Pterosaur egg fossils found in China crack open secrets of flying dinosaurs

Published: 
South China Morning Post

It is the largest collection of the reptiles' eggs ever found which will offer a glimpse into how the pterosaurs lived in prehistoric times

South China Morning Post |
Published: 
Comment

Latest Articles

SOTY 2021: How one winner hopes to raise awareness of eating disorders through film

Coronavirus: US prepares to vaccinate kids aged 5-11 next month

Fewer Hong Kong students choosing to study journalism in university

Facebook’s rumoured name change sparks online naming feast

An artist’s impression of pterosaurs.

Scientists working at a site on the mainland found 215 rare fossil eggs of pterosaurs, a type of flying reptile, that lived alongside the dinosaurs.

The fossilised eggs were discovered at a site in a remote desert region in Xinjiang in northwest China in 2017.


It is the largest collection of the reptiles' eggs ever found and will offer a glimpse into how the pterosaurs lived, according to researchers. The findings were published in the journal Science by Chinese and Brazilian based researchers.

Wang Xiaolin, a scientist at the Institute of Vertebrate Palaeontology and Paleoanthropology of the Chinese Academy of Sciences in Beijing, has spent over 10 years with his team investigating the area in Hami in Xinjiang.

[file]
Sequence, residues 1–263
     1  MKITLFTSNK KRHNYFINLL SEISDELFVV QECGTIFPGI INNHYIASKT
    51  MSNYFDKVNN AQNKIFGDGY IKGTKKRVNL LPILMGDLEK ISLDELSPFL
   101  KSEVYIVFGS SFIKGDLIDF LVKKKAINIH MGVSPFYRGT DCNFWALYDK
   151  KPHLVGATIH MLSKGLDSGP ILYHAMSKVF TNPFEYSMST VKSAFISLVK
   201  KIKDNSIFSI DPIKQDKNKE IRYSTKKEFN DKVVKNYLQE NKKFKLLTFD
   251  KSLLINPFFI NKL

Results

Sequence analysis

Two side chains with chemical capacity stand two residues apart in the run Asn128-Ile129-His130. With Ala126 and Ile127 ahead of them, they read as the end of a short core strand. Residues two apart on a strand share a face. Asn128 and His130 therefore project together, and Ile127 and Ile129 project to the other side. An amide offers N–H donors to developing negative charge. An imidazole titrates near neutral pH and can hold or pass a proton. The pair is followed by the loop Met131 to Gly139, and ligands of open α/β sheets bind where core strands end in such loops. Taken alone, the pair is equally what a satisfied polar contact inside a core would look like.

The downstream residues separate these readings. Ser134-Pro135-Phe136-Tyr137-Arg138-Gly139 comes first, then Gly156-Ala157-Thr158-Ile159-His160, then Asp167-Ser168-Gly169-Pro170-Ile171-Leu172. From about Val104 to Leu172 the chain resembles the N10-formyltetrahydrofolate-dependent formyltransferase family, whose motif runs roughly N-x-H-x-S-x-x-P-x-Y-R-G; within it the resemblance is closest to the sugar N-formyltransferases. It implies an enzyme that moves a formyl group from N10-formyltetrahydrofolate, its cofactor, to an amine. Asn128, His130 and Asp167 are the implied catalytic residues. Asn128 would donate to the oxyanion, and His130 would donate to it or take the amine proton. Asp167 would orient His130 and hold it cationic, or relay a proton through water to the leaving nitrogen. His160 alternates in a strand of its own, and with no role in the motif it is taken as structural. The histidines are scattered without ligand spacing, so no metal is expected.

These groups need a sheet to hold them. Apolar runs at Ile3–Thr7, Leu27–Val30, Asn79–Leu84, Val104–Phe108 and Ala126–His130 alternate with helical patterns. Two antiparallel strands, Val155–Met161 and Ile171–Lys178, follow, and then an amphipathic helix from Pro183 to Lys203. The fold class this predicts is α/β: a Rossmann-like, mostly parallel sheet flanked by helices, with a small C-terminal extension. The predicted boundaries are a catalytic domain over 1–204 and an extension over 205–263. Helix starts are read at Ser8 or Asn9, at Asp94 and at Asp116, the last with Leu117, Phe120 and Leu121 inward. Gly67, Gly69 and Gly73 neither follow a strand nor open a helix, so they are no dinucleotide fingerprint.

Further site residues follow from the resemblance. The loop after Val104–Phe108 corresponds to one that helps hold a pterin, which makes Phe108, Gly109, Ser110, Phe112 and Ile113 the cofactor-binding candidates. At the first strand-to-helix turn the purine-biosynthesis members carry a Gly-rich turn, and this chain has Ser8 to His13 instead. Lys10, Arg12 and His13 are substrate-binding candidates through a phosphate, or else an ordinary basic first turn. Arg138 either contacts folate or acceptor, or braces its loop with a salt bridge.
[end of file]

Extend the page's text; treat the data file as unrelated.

Lesson plan: Science of eggs (and egg shells)

The eggs date to the Lower Cretaceous period, between 145 million and 100 million years ago. Pterosaurs are the earliest vertebrates known to have evolved powered flight. The reptiles flew above lakes and shallow seas.

Sixteen of the eggs found in Xinjiang have a fossilised embryo inside, the most complete with a partial wing and cranial bones, including a complete lower jaw.

Remains of fossiled eggs at the site.
Photo: Handout

The researchers believe that rather than living alone, pterosaurs lived in groups. This would explain why so many fossil eggs and pterosaur remains were discovered in the same place.

CT scans of one of the eggs also showed the early teeth of embryonic pterosaurs developed quite late, suggesting their young needed to be looked after and fed by their parents after birth.

The lack of muscles to support wing bones supported the idea that baby pterosaurs walked on the ground and were probably unable to fly at an early age.

Edited by Nicole Moraleda

Comment